Guy You Got In Your Neighborhood
The Pharaoh Clooney
While we were at it, we came up with some names for a baby. (No, we're not having one. We just thought these should be available as a public service; feel free to take them for your own kid.)
But... not as good? I kinda want to Mechanical Turk test these, and see if I can humor better than a neural net. I'm not sure if I want to win or lose.
I'll leave you with a fairly dada short story:
Wandering underhill the goat farmer and his steel drum band. Lions escape faculty oversight while withdrawing from formal scrutiny. Yellow lollipop stick upended in a raised ball of fruit. Within the normal force field lies a smarmy alliaceous ball. Next to a frigid sound man, King Walrus rests upon his laurels. Beside him, the trained eye can spot kestrels yawning at the prospect of unparalleled masculinity. Feverishly sorted and left out to dry. What if by some strange stroke of luck, it so happened that a barreling freight train of good humor wound up dead? I don't know that we could stomach the loss. Later, now, the raven winds its way towards its everlasting home. You can't blame it. But under the watchful eye of the beholder, grains wilt and lie prostrate on the floor. An eager grammarian. Let yourself explore the expanse available to you; buy me an ogre. Willis had a necktie, and shouldn't we all? Fair to say, you won't find the Italian Mafia around this bean corn stand.
Monday, May 22, 2017
I feel like, in online arguments, the thing I most admire is when people change their mind in the face of better evidence. And yet, sometimes that's seen as evidence that you were wrong, and therefore you "lost." F that. You should get an award for changing your mind.
See also: when you're meditating, and you realize your mind was wandering, you don't say "stupid mind! you're so bad! I am bad!" you say "hey, I found my mind again! awesome, welcome back!"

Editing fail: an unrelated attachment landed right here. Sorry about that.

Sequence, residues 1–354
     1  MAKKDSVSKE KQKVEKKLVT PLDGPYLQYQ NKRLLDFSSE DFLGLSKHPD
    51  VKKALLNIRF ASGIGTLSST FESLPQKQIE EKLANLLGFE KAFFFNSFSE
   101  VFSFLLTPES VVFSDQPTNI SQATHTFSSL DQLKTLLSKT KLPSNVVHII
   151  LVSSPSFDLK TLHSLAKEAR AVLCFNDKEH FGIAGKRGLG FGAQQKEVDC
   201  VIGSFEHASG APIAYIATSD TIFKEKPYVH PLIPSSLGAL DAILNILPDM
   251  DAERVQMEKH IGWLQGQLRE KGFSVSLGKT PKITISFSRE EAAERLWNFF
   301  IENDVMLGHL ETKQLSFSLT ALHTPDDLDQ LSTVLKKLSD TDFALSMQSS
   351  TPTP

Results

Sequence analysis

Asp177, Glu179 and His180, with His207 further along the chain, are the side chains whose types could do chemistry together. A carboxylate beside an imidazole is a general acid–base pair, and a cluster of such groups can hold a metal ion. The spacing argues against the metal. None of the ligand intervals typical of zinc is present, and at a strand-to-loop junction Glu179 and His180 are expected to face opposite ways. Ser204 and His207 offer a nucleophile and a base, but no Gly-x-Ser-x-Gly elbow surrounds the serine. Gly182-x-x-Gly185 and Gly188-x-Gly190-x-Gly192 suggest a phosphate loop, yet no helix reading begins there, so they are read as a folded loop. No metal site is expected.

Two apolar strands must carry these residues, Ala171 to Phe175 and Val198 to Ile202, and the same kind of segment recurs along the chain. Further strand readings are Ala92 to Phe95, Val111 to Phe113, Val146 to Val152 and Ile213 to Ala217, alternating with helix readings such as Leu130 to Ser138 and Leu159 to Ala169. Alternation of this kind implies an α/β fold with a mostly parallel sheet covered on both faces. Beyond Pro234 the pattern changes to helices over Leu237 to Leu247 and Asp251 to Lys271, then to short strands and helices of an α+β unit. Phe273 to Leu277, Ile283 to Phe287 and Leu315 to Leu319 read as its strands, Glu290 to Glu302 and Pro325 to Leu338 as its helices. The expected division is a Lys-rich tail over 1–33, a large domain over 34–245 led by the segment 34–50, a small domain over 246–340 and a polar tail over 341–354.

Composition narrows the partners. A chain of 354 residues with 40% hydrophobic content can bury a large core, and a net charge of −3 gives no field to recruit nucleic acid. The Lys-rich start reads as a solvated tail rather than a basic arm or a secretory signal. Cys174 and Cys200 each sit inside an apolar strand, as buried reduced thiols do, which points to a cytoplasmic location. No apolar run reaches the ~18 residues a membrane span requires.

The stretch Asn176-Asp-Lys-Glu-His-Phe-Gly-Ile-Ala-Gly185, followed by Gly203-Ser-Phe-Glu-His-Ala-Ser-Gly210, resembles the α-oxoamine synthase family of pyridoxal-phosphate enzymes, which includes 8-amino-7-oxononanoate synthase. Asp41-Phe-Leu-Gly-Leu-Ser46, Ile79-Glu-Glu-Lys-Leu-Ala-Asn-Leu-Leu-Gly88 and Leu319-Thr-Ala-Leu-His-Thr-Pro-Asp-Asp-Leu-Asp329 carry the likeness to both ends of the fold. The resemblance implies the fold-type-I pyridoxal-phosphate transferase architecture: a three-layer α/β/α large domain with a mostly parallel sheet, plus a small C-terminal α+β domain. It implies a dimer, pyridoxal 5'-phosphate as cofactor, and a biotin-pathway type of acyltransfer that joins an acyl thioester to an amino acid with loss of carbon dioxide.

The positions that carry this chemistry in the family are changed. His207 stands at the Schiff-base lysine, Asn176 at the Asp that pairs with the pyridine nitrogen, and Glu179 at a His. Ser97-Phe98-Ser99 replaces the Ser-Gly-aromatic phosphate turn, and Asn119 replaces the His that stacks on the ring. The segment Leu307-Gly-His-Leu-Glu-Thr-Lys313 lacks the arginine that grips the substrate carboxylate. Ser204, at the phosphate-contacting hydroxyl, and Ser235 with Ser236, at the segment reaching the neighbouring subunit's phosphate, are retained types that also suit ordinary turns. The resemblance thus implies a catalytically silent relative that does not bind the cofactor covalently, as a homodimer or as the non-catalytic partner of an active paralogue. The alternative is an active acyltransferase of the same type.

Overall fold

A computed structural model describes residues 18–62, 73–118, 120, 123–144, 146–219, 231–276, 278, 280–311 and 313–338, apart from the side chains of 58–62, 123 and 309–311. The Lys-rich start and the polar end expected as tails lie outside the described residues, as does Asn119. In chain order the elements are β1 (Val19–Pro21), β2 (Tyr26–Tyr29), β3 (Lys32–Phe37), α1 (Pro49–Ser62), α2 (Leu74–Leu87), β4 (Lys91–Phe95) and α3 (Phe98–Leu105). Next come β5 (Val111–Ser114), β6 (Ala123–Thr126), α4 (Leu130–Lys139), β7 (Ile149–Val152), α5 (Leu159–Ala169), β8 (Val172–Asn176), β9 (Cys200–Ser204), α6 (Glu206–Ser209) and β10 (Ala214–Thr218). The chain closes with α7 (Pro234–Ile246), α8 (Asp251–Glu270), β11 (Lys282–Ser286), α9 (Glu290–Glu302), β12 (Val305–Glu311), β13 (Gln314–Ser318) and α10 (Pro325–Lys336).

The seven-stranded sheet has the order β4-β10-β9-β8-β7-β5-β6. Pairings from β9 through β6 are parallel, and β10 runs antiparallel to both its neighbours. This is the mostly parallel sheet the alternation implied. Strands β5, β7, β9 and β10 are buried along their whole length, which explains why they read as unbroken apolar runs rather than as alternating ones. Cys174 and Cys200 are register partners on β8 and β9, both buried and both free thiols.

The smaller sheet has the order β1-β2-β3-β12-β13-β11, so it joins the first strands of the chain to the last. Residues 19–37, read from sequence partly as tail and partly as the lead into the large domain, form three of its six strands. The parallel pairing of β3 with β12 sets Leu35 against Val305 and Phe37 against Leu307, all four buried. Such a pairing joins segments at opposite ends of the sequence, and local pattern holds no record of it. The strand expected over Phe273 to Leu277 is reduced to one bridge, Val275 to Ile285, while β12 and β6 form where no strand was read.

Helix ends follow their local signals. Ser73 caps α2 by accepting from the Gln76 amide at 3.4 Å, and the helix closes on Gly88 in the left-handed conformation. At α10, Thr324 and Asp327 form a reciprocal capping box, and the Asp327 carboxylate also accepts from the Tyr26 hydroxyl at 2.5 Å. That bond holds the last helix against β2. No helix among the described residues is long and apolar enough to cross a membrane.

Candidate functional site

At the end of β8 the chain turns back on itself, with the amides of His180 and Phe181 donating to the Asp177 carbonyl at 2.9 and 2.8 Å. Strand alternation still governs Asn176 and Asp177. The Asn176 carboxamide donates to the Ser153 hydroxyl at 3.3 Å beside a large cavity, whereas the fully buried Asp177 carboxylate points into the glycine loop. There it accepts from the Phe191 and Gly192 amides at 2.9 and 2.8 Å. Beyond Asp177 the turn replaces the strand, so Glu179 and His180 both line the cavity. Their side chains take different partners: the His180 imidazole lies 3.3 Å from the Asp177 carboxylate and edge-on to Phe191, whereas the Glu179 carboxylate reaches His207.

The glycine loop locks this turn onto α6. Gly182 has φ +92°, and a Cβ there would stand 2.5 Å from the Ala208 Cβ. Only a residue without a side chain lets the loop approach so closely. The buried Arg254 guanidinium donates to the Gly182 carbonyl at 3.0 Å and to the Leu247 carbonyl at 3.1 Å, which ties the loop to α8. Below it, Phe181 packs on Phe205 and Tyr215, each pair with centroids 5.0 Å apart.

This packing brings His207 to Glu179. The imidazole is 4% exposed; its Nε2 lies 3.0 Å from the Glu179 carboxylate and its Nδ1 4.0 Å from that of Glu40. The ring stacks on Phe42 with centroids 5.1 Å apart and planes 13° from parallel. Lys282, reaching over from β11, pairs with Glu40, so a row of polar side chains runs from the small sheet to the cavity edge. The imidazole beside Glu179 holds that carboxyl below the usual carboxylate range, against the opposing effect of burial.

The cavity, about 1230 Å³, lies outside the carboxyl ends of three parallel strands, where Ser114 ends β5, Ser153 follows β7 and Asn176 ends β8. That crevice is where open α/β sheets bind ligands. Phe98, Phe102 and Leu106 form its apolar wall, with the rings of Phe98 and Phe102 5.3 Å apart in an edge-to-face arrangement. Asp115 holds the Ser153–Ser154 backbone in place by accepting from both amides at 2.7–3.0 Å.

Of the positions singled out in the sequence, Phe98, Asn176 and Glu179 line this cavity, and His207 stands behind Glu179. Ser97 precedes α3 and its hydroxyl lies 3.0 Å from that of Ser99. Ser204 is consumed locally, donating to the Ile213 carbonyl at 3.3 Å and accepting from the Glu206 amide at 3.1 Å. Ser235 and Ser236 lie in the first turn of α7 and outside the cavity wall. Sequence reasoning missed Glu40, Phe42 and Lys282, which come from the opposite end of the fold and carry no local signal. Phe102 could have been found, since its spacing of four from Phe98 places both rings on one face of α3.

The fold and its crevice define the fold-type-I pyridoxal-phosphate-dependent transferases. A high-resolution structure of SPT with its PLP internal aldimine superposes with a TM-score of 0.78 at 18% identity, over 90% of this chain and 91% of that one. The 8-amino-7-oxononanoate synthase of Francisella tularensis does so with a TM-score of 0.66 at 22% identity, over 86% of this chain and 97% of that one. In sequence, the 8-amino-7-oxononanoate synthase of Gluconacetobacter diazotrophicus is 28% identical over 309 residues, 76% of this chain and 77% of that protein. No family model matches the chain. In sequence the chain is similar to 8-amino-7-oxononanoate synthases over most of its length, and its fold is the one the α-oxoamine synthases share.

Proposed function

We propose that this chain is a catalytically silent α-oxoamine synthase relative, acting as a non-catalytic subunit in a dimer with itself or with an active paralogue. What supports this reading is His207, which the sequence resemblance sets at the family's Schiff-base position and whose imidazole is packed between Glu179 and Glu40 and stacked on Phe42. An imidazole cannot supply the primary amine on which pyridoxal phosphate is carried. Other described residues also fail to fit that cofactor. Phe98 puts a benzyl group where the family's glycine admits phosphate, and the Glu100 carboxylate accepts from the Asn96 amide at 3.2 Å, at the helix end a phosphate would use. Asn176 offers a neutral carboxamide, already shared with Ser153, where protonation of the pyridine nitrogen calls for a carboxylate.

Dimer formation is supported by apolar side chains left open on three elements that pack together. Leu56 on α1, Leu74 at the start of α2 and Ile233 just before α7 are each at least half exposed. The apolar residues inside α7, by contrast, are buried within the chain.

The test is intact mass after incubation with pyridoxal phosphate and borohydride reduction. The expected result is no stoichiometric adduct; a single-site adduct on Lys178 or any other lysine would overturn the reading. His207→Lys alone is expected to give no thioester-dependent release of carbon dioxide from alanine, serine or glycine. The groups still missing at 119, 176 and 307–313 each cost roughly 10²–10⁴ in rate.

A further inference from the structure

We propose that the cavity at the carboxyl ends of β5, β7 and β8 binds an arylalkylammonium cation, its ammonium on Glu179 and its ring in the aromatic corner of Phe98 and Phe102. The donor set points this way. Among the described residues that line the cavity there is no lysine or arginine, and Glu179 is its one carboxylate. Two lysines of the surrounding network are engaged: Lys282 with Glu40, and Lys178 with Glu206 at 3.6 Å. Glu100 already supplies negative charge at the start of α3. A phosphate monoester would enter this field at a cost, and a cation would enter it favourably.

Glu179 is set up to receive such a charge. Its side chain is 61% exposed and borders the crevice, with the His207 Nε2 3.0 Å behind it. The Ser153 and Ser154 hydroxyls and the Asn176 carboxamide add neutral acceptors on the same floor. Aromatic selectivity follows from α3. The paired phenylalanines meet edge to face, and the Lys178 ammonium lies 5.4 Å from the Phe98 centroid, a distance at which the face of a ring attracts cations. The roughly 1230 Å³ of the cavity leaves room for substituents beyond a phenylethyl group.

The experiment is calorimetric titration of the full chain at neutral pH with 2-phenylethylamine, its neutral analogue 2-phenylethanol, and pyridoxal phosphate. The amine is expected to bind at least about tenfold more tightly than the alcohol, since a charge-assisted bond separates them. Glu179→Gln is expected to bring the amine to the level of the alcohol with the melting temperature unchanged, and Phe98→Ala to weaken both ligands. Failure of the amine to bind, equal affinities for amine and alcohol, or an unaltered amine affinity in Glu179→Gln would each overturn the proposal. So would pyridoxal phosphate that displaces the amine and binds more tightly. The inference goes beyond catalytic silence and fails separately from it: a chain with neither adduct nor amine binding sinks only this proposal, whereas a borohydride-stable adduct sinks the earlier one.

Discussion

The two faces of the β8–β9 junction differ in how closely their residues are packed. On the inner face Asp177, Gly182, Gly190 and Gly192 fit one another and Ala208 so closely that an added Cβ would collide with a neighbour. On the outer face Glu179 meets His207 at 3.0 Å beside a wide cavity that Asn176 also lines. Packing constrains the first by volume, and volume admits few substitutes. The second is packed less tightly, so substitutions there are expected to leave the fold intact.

A bit of Magic slang, maybe, or that's where I got it at least: "taker." Someone who rules-lawyers or otherwise does whatever they can to get ahead, at the expense of being nice or the game being fun. Like, what they're doing is legal, but it sucks.
Why I bring it up (tl;dr: small-time landlord woes, you can skip this section, basically the landlord's a Taker): when we rented our apartment, we were offered it for $3150/month including garage, or $3000 without. We said, ok, we'll take the garage, it's good for storage and bikes. I think the renting agent (call him E) said "sure, that's fine." (it might have been our agent. I think it was E.) The landlord, A, has been a shadowy figure to whom our money goes. A month after we moved in, they hired a property manager, K, so A doesn't have to deal with us anymore. K basically parrots whatever A says. They had to do some seismic retrofitting in the garages, A noticed that some people were storing things and not cars in the garages, A gets worried, A tells K to tell us that no "storage" is allowed in the garages. We say, wtf, we rented it with a garage for storage! K says "well, let's check your lease", and sure enough, it says "no storage." And like, I know, get everything in writing, I goofed, I tried to check every other dang thing, but I guess I missed this one. So we say "Ok, K, we'll give the garage back. It's now worth $275/month on the open market in our neighborhood, so how about you give us $200/month off our rent? That gives you a nice little profit margin to re-rent it." A counters with "you can have $50/month off" and won't budge. Even to $150, the original price of the garage.
Letter of the law, A is right! She got us good! We're really not entitled to anything here, because by the rules of the game we mistakenly agreed to something dumb. But come on, can we be reasonably nice here? I'm sure some of you are rolling your eyes here: you want your landlord to "play nice"? That's like asking a rules-lawyer to ask you to take back that mistake you just made a half second ago. Of course you're not entitled to it.